The former seems to be what you're describing, while the latter is the very small world in which certain posters apparently live. The former is something that's just part of being a reasonable person (and is connected to every aspect of the game, not just the roleplaying), while the latter is very far from reasonable.
I was replying to the latter.
the secret fire wrote:
There are people who want to play a character that they themselves are not capable of representing completely, who nevertheless care a great deal about roleplaying, immersion, and the fun of the other players; and are interested in far, far more than just "diplomacy-ing people", punching faces and counting loot.
I don't understand why it is hard for you to accept that this category of people exists.
the secret fire wrote:
If you, the player, decide to "talk pretty", then you are not playing a dumb, uncharismatic brute, are you? If you decide to play an oaf and then conveniently get eloquent fishing for a bonus in social situations...eh, no. That's just schizophrenic, terrible roleplaying.
Earlier in this very thread, the secret fire wrote:
Play however you want, but I have been known to greet statements like "I use diplomacy" with -20 penalties to the roll and hand out similarly large bonuses for great roleplaying, even from otherwise socially inept characters.
So a group settles on which person is going to be the face, but then keeps butting in on that person's face activities, to the point of causing internal consistency issues, and it's somehow the face-player's fault?
Maybe the standards for adult behavior vary by region, but when I'm at a table and someone else is the face, I follow their lead rather than trying to take over or ignore what they're doing. If they talk it out, I back them up (or not, depending on what I'm playing). If they say "I use Diplomacy," then I say "I assist" (with maybe an additional "Oh, and you're gonna mention X when you talk to them, right?").
Trying to do what was already agreed to be someone else's role (and for that matter, agreeing to it in the first place if you're not planning to respect it) and then blaming the resulting issues on them is just being a grade-A jerk.
Lemmy said otherwise, I even specifically mentioned that in my post.
I may have misunderstood him (or you), then.
So, most of the dwarves I've seen?
the secret fire wrote:
Wait, so your players are only allowed to act the way they really are in real life, and you're accusing other people of getting rid of the roleplaying aspect of the game? You literally just labeled the imagining of being a different person as not roleplaying.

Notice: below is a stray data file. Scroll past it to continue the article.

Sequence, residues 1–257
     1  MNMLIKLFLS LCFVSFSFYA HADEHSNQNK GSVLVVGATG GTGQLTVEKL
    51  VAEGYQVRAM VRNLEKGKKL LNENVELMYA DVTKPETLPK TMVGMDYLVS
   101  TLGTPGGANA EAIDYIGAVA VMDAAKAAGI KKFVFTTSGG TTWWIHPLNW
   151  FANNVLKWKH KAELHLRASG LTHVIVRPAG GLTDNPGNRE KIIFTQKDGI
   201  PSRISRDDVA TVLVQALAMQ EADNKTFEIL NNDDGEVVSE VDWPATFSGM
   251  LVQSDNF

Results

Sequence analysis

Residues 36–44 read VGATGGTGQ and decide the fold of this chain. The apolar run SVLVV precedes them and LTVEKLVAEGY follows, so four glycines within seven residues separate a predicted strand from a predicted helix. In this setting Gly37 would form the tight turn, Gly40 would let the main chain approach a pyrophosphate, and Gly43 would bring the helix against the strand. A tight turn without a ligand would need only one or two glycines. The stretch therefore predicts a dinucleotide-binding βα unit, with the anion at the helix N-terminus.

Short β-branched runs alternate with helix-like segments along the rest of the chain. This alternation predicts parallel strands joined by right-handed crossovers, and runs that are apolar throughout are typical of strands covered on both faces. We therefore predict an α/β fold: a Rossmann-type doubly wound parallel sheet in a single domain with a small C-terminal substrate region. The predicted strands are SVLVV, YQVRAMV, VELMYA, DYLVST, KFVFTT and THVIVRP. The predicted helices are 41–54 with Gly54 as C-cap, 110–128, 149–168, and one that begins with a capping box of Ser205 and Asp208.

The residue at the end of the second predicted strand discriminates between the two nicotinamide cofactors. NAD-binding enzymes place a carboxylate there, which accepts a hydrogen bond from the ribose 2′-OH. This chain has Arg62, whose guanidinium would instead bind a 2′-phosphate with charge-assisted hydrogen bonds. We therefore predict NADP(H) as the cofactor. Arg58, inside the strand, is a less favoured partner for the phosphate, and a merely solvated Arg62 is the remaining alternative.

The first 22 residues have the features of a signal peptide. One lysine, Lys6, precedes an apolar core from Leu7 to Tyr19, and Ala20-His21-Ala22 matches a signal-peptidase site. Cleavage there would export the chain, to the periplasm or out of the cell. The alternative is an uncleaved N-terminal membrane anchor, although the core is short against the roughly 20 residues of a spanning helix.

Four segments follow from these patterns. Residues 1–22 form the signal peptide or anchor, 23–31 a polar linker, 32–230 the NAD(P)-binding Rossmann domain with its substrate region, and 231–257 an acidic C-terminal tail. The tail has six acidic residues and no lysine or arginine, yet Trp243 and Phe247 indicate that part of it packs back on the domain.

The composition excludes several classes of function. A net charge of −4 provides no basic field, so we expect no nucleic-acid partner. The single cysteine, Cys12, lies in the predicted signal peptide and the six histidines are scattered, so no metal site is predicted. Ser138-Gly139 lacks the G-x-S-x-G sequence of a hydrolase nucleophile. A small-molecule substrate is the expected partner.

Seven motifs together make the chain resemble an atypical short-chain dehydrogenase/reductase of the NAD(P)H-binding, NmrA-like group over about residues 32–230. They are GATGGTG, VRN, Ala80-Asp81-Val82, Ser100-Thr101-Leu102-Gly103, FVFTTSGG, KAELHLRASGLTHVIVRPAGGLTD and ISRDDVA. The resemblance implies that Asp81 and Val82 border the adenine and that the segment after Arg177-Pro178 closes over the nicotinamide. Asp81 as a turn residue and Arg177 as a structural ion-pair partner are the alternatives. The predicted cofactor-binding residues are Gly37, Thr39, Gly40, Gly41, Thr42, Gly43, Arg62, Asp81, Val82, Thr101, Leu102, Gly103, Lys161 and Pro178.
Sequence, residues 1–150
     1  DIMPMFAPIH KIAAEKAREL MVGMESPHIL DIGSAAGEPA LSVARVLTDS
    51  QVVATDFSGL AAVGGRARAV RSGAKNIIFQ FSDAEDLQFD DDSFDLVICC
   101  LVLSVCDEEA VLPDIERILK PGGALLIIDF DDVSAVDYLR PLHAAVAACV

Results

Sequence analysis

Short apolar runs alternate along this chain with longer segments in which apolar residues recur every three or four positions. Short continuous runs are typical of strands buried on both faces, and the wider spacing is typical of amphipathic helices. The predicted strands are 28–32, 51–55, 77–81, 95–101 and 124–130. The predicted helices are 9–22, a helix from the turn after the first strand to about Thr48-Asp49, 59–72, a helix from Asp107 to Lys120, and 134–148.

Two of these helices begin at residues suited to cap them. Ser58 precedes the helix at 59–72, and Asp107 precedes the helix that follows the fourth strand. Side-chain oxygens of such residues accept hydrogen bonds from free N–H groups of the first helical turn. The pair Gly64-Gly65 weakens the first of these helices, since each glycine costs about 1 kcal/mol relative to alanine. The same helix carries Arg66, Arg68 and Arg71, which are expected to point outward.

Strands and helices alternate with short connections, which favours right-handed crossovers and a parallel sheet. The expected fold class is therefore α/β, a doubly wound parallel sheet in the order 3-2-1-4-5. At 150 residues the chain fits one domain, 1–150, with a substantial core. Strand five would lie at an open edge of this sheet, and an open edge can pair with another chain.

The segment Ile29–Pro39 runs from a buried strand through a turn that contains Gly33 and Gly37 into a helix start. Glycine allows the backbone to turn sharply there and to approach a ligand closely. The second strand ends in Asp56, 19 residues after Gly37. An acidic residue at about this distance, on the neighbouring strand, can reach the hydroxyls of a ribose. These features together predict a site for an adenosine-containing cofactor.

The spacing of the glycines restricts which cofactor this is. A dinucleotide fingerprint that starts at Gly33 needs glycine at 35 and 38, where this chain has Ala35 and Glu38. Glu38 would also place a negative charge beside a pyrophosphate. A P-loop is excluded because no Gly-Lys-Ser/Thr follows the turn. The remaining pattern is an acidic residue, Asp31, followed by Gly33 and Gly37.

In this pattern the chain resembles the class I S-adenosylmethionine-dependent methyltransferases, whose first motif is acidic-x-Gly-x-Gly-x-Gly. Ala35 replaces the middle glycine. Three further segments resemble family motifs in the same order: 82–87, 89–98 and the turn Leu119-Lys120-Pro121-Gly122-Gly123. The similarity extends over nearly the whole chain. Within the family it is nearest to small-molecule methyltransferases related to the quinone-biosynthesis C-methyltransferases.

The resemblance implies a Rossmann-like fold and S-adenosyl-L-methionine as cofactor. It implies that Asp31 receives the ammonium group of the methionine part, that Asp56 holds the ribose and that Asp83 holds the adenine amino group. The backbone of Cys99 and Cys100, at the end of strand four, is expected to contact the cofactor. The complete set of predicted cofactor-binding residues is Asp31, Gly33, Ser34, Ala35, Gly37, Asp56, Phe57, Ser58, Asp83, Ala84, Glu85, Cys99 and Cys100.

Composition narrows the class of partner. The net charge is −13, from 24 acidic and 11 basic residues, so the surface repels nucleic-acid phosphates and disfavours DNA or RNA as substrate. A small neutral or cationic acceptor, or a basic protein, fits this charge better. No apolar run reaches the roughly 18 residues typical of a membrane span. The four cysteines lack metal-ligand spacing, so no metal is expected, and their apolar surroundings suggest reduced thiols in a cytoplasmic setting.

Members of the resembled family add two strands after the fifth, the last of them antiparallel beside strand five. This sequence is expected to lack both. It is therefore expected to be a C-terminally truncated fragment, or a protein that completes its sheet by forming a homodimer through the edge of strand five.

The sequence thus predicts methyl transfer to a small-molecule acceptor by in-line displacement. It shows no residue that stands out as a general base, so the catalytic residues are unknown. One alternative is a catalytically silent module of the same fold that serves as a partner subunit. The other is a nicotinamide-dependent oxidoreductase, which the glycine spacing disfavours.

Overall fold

What specifically do you think the word "roleplaying" means?
The person who doesn't like to talk around people or isn't very quick on their feat for dialogue probably shouldn't play the party talker.
Why not? What's wrong with a player saying "I want to convince him to do X" instead of acting out the exact dialogue? What does that hurt?
Your roll playing should be heavily dependent on your mechanics. Mechanics aren't just numbers. They are a representation of how the world and characters function.
I don't think anyone was saying otherwise. Rather, the topic of the thread is when the player wants to play a character (both mechanically AND in how the character functions in the world) and someone else tells them they "shouldn't" for no other reason than that the player doesn't have the same level of skill/ability.
Sort of like how you said a low-CHA player "shouldn't" play a high-CHA character. Nobody's talking about claiming their low-STR character is strong or their low-INT character is smart; we're talking about a player not being allowed to be different than their character.
My point was just that I didn't see any reason for the big debate about the morality of intentionally killing a companion when there's any number of ways to explain why you don't have the companion and what the focus represents.
Because there's a right way and a wrong way to play Pathfinder, of course!
The reason why it is a problem is because you should be attached to an animal companion, it should be your friend. If they should die you should want to bring them back.
(Bolding mine.)Play the way you should! /sarcasm
Human Fighter wrote:
Whirlwind attack looks like it could be cool, but it's situational and involves combat expertise, int 13, spring attack, mobility, and dodge.. that's a real bad time.
If memory serves, a 1-level dip into Brawler (from the ACG) will give let you qualify for combat feats as though you had 13 INT. (Plus you get other goodies like save boosts, IUS, etc.)If you then go into Lore Warden (fighter archetype), you can get Combat Expertise for free on top of your normal bonus feats. (Plus, you'll later get substantial bonuses to combat maneuvers.)
Thus, between the two of them, you could have Whirlwind Attack at 5th, with 3 other open feats. (Power Attack, Weapon Focus, Weapon Spec?)
If you did this, you get another bonus in that Martial Versatility combos really well with the Lore Warden's bonuses to combat maneuvers. You'll already be taking Power Attack, you'll get Combat Expertise for free, and you'll get IUS for free as well. That means you'll have the prereqs for every single Improved Maneuver feat in the game. You can decide to suddenly be a grappler, tripper, sunderer, or whatever on the fly. And be GOOD at it.
Something to consider.
Personally, I think a starting 20 in STR has crossed the line of diminishing returns. The difference in cost between a (pre-racial) 16 and 18 is nearly half your build points, all for a measley +1 to attack and damage. Taking it down a notch gets you +2HP/level. How would you like to play your last several sessions with an extra 20HP? Doesn't that sound better than +1 to hit? You'd even have points left to either un-dump INT/CHA a little or even get a little WIS to shore up your Will save a tad.
That's an awful lot to lose just for +1 to hit.